When painting from the source, you just have to begin. You have to confront the blank white surface, clean water, clean brushes, neat dollops of paint, all of it perfect, organized.  There is that weighted potential.  What the heck am I going to paint?  There is nothing, and then there will be something.  Maybe it will be a wonderful experience. Maybe it won't.  Maybe others will like how it looks; maybe they won't. Maybe no one else will even see it (recommended). Many thoughts go through my head.  I don't want to paint something awful.  I don't want to paint something that looks like someone else painted it.  I don't want to paint something trite or cliched.  But maybe I will!  Maybe that is what will appear, and I will have to struggle against it, or accept it.  And just keep painting. 

Making the first mark breaks the tension and all of the infinite possibilities of what will be painted begin to focus. Do I know what I want to make or can I allow it to be unintentional, purposeless, random.  I just pick a color and smooth it onto the page, watching it make a line or a shape.  Still those doubting voices, quieter now that the show has begun, but still there rumbling critically in the background.  Just like in meditation, you can't shut them up, you just have to observe them, and let them do what they do. They know they cannot stop me, I know I cannot stop them.  A second color is laid down and the relationship between the two colors is the first assertion of direction.  The two colors together open up ideas, possibilities, one shape against another suggests way to go.

The ultimate goal of this approach to painting is to be fully present in the moment, and in direct contact with your own source - Aviva Gold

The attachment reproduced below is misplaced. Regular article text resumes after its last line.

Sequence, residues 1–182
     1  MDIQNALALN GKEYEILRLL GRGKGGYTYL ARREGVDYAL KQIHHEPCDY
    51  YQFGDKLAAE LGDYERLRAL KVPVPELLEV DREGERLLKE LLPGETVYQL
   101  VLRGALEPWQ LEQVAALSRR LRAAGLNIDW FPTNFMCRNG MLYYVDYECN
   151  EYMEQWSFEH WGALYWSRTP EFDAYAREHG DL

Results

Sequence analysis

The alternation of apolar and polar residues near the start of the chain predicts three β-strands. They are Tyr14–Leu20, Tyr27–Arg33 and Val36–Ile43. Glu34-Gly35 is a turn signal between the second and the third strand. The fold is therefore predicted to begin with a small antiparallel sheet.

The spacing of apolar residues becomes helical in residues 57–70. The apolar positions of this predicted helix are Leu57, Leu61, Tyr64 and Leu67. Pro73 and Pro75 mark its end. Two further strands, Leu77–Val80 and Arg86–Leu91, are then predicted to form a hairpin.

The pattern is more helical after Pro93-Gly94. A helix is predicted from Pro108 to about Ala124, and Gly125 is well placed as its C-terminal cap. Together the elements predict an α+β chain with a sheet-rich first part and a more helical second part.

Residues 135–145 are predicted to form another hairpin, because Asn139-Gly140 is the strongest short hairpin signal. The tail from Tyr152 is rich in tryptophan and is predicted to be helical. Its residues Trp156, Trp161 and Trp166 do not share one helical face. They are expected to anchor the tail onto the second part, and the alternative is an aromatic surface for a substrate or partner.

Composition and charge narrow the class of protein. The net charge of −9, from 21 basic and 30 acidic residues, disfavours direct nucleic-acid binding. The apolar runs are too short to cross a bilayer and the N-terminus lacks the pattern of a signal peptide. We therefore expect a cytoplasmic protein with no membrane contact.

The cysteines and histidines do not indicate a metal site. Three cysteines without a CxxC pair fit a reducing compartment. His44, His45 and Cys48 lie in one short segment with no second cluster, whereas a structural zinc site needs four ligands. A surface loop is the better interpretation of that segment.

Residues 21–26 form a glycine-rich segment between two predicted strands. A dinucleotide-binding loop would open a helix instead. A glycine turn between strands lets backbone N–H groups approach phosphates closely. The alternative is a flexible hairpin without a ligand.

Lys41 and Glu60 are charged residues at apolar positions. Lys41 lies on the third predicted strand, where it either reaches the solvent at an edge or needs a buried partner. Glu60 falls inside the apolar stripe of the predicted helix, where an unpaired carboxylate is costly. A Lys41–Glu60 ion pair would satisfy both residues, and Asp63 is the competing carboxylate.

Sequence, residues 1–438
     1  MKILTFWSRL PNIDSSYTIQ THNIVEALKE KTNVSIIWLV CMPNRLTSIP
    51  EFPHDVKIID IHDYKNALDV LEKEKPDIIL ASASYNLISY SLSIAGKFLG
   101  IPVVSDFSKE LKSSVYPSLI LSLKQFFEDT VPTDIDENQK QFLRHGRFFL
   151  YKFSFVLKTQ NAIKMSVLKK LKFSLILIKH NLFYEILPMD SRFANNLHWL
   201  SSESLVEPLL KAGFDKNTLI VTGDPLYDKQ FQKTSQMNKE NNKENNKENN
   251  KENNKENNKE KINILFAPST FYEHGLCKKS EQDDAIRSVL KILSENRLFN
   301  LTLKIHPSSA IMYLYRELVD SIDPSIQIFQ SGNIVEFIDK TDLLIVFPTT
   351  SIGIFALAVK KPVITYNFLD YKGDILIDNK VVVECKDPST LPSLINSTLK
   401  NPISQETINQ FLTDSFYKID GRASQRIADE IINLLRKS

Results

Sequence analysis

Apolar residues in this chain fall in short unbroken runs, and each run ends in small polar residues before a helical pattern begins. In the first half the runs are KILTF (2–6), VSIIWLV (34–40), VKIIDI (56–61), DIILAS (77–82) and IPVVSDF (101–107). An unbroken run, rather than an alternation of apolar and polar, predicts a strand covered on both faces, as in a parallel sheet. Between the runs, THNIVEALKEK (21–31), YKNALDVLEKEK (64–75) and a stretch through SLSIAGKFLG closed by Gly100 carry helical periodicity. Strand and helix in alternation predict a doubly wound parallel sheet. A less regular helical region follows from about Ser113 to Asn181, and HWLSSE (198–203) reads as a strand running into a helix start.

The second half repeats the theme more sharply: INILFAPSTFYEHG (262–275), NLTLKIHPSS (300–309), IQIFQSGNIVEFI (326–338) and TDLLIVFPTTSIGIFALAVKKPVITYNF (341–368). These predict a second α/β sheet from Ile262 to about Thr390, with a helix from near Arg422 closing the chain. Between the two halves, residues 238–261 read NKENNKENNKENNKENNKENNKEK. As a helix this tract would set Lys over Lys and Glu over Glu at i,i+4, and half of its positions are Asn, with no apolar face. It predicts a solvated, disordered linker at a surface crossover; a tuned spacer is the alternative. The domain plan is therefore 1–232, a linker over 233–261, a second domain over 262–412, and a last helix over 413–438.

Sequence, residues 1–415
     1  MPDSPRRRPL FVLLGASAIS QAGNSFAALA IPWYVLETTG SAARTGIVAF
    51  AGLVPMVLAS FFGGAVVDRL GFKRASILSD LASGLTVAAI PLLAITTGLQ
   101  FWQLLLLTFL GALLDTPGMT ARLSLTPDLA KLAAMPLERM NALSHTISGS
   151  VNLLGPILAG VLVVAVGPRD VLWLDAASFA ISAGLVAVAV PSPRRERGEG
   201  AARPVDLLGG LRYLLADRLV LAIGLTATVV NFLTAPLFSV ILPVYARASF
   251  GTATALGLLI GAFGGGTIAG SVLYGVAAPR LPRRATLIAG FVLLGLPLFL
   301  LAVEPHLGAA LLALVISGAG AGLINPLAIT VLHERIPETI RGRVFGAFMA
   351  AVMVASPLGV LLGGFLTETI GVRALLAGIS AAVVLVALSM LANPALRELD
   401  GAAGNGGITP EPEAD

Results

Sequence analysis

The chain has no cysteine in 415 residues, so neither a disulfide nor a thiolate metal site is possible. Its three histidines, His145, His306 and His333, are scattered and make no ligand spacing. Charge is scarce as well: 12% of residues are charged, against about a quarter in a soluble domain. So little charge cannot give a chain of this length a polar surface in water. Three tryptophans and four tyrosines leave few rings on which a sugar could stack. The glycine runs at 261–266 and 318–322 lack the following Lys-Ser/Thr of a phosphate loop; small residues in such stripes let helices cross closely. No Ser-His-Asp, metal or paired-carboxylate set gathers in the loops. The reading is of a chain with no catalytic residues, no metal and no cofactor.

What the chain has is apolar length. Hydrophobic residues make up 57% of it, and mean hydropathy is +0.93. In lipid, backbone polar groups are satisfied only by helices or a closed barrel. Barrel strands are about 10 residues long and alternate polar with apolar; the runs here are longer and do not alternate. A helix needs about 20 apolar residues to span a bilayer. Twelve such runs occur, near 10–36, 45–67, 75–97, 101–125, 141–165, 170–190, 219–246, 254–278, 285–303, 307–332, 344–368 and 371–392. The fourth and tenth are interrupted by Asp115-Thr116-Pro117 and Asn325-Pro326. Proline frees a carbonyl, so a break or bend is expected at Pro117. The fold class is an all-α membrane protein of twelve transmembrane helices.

Different teachers have different ideas about the process and how best to open up that connection to the source.  Cassou believes fervently that you should not paint over your initial images.  You may add details, but not hide or cover up your initial urge.  If you paint over it, you are shutting yourself off from source.  You are telling source what is and what is not okay to paint.  She states we are not necessarily supposed to be happy and at peace while we paint.  The ultimate goal of this approach to painting is to be fully present in the moment, and in direct contact with your own source.  Accepting and trusting what comes helps to open that connection.  

Gold thinks it is fine if you mix and layer, hide and uncover.  It is not about what you paint but the act of painting, of really experiencing the sensual qualities of the paint and letting the images come and go, like in a dream. I think each approach is valid, and it is good to be clear before you paint what type of experience you want to have.  What I like about Gold's approach is that it is accepting of the entire process.  Maybe an image or an idea will stay, maybe it just needed to be seen briefly, and then it moves on.  We are not obligated to keep it.  

Here are some books on this process:
Aviva Gold, Painting from the Source

Michele Cassou Point Zero Painting

In my workshops, and in my own art making, I use a blend of these approaches. What about you, how do you experience "source" in your own art making? SHare your experience below...